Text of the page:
The bottom line for courts and potential partners: You have shared goals. Join forces.
A: Courts can get started with three resources: the Grants Matrix, the National Center for State Courts’ (NCSC) Tiny Chats, and resources from the State Justice Institute (SJI). Thanks to The Pew Charitable Trusts, my project created a Grants Matrix on the NCSC Tiny Chats website. The matrix curates the main federal pass-through funds for which courts are eligible and contains links to learn more about each opportunity.
Because the pandemic has made adoption of technology tools especially essential, the Grants Matrix also spotlights which funds can be tapped for things like telephonic and video conferencing for remote hearings, online guided interviews for court users, document assembly tools, and more.
A: They should look to SJI resources. SJI was established by Congress to award grants to improve the quality of justice and foster innovation in state courts and has a funding toolkit—the one-stop shop for everything about competitive grants, direct from federal agencies. Also helpful is SJI’s recently launched podcast, Court ¢ents, which highlights funding opportunities for courts and civil justice partners.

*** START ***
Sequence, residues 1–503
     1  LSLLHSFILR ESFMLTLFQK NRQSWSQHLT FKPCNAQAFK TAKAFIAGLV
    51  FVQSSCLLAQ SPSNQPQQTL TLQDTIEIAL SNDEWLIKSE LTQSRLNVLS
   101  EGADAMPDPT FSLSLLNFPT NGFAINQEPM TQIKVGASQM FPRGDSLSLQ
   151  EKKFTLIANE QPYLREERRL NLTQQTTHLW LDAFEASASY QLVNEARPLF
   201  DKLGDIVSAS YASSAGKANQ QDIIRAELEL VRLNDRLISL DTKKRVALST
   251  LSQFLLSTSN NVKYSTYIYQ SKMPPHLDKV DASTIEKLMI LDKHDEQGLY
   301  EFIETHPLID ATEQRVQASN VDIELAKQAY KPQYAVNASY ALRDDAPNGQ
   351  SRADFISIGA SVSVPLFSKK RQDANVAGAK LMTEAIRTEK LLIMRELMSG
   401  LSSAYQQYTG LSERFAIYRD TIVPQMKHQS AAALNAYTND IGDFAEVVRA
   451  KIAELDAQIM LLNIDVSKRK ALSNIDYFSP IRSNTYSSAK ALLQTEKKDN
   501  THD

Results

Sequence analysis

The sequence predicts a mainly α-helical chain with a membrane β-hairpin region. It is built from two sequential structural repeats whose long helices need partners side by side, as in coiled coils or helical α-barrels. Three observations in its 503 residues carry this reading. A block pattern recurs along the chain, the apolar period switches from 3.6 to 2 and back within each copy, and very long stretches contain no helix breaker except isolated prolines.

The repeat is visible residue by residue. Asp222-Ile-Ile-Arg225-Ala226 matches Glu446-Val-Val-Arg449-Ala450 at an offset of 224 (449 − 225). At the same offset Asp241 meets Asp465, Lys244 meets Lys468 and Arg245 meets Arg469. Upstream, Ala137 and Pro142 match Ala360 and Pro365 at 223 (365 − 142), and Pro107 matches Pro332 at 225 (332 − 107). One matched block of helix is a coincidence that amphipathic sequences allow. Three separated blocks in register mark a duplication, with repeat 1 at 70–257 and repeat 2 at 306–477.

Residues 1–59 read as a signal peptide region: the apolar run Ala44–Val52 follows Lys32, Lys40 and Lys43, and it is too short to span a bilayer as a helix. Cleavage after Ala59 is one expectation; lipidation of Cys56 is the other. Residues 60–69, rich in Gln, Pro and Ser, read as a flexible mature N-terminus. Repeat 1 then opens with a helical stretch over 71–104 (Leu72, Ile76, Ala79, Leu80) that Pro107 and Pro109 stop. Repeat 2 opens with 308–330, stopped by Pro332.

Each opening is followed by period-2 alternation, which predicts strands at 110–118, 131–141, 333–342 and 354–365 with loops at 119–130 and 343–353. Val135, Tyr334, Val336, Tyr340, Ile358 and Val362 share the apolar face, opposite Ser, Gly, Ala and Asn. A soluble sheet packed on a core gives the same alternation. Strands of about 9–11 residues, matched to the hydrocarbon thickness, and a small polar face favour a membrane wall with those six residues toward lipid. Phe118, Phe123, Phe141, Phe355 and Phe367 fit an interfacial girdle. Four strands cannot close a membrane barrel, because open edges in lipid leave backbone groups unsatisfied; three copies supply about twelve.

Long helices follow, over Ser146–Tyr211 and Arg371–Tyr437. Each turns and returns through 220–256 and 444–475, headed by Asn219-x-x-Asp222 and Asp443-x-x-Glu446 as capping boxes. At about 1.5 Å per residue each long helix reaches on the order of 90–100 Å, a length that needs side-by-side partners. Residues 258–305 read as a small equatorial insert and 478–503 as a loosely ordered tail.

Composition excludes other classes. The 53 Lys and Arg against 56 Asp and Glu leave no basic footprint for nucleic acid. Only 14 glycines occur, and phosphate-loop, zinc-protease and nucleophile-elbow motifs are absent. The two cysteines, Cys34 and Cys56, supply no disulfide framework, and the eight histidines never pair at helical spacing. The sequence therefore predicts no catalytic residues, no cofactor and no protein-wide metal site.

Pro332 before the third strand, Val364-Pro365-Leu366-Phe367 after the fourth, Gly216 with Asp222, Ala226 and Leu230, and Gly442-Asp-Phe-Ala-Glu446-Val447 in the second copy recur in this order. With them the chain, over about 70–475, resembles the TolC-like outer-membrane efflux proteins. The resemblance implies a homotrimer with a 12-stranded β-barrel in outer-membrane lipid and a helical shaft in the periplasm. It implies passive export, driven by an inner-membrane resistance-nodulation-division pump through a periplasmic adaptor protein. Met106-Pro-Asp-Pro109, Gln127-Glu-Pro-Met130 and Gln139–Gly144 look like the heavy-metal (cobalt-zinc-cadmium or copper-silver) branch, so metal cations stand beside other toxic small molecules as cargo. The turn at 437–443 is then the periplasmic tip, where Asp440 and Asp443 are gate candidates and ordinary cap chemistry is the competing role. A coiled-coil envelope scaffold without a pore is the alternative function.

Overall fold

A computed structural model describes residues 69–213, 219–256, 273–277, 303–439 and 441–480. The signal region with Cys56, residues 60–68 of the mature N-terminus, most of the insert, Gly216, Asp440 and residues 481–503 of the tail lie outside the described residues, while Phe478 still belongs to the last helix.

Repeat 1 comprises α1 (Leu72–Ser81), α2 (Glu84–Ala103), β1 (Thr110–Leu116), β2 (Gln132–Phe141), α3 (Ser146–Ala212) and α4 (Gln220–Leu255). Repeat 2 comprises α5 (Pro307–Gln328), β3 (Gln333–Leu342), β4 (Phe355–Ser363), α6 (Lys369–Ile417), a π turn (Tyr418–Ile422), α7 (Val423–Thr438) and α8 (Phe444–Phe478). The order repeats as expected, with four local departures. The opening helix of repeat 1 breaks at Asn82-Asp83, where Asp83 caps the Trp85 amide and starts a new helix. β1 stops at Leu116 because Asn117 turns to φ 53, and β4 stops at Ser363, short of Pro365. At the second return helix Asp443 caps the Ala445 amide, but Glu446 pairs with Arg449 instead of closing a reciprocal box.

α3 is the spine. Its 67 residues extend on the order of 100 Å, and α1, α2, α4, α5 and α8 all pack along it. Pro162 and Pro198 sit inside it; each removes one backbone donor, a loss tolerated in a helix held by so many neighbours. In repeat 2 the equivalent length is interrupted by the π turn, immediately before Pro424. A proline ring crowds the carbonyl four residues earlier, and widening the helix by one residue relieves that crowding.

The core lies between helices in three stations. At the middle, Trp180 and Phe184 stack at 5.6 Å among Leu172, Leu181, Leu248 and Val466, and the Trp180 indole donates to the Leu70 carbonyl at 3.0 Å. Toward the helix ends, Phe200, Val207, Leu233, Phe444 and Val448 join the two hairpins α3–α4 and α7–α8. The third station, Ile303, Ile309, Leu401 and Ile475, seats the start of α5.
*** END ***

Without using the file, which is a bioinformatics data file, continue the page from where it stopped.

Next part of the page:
A: I’m going to pivot here and speak directly to courts. To pursue these funds, as well as competitive grants, courts have to properly staff this work, from soup to nuts. You can’t wing it. That means everything from communications with the administrator, drafting the application, to overall grants management, including accounting and compliance. It’s a heavy lift, but it’s doable and pays off.
After your court decides who will staff the outreach and management, then you need to research what funding you’ll pursue. You need to find the right person to do the initial exploratory outreach to prospective funders. That’s key, and depending on who has what kinds of relationships with the state’s executive branch, it might be a presiding judge, the court administrator, the chief justice. It’ll vary. Maybe you’ll make a strategic decision to have initial conversations at the staff level, which can help build allies who can champion your proposal to the right people.
Finally, among the lessons of the pandemic is that civil justice system stakeholders can adapt to new funding streams, additional grant management work, and technology solutions. We need to make those adaptations because we need to keep the courts open and operating effectively and fairly—both during a crisis and what we hope will soon be a new more digital normal.